Press Release

London Space Policy Meeting Highlights Citizens’ Needs for Practical Applications

By SpaceRef Editor
May 27, 2003
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London Space Policy Meeting Highlights Citizens’ Needs for Practical Applications

High-level representatives discussed the Commission’s Green Paper on a European Space Policy on 20 May 2003 in London, focussing on practical applications for European citizens. Highlighted were telecommunications, earth observation and satellite positioning, all of which have a huge impact not only on everyday life in Europe but also on global issues of sustainable development, peacekeeping and crisis management.

“The aim of the UK’s space policy is to generate wealth for all of our citizens,” said British Minister of Science and Technology Lord Sainsbury. “We see space as a source of enabling technologies having a greater and greater impact on ordinary life. The importance of space in telecoms is obvious and the global satellite positioning and navigation market will become enormous in the coming years. We are faced with a serious challenge in this space policy debate. Space is a valuable and cost-effective, and, in many ways, a unique tool, but we are not entitled to automatic funding. We must be convincing and accountable.”

A clear and present policy asset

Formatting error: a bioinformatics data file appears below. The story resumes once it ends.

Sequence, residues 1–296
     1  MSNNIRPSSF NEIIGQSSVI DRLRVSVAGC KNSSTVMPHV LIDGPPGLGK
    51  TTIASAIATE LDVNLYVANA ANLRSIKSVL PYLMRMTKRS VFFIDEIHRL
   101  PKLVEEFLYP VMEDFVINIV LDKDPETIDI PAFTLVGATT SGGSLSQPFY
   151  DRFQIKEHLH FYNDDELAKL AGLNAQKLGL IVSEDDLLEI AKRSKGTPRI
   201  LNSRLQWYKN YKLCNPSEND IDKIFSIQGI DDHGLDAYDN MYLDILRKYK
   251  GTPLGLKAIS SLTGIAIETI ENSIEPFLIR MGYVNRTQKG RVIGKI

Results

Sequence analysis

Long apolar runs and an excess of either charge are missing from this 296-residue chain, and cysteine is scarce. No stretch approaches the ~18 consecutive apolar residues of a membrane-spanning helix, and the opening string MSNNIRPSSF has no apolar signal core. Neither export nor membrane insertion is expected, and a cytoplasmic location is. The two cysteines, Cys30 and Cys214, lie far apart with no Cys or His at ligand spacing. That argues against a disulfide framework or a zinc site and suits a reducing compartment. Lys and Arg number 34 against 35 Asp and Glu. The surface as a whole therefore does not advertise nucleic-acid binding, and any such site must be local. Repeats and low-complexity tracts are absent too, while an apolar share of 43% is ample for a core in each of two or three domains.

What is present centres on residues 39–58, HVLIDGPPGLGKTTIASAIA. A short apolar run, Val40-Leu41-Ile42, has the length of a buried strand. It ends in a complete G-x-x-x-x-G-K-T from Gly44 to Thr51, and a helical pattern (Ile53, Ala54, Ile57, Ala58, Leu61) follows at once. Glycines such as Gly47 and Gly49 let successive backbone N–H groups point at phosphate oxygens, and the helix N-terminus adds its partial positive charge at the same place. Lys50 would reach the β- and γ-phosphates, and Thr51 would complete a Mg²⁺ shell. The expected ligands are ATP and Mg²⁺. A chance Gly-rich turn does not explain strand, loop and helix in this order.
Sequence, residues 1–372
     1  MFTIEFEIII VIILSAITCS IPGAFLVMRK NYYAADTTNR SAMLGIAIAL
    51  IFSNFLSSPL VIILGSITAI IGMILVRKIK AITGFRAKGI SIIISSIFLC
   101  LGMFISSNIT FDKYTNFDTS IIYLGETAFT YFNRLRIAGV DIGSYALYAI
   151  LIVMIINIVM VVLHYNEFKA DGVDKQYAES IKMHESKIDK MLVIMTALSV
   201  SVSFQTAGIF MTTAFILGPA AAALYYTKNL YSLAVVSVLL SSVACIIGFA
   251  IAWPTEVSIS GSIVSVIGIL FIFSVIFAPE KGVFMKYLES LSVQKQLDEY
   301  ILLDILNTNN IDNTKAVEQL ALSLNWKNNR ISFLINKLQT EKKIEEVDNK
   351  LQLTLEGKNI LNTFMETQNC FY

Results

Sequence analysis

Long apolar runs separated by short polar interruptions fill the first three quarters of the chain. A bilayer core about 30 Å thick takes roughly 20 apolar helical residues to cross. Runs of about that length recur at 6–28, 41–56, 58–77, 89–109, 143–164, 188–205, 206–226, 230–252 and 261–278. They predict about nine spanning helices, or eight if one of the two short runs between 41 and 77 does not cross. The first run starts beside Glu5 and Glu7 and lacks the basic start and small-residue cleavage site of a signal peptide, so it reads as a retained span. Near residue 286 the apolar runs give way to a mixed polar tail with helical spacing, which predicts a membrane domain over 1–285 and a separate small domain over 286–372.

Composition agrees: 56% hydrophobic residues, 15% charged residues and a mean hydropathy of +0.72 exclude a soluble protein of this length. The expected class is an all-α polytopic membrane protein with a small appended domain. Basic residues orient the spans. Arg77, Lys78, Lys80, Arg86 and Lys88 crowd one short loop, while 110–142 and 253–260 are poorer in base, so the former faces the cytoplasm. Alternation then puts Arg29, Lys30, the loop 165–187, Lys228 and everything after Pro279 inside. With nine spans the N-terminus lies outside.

Representing the European Parliament, MEP Eryl McNally said, “A space policy is perfect for Europe in terms of added value. European security, sustainable development, energy policy – all are served by space technologies and the applications and services they provide. A space policy meets all the criteria of the Lisbon declaration, which we must repeat again and again: ‘…to become the most dynamic and competitive knowledge-based economy in the world…’. Space is dynamic, it is competitive, it is knowledge-driven, and Europe can be a world leader in the space sector. The industry is in a downturn for the moment, no one can deny that, but it will come back.

“The European Parliament is eager to see the GALILEO programme get off the ground and we want to see space as a part of the new European Treaty. Our main competitor, the United States, is spending much more than we are on space. Dare I say we need to ‘boldly go…’? Let’s ask for more support, for more money, with confidence. The Parliament’s report on the Space Green Paper will be published soon and we expect to give all of you a positive response.”

European Space Agency (ESA) Director General Antonio Rodotà said, “The strategy of using public funding for development and then transferring applications to the private sector has worked. Space development involves huge risks that the private sector is often unwilling to undertake. There are any number of companies in operation today, providing services based on space technologies and systems first developed and then handed over by ESA. The public sector must continue to contribute to this process. We now believe that the combination of our savoir faire and the political support of the EU is the way to meet our future challenges in space.”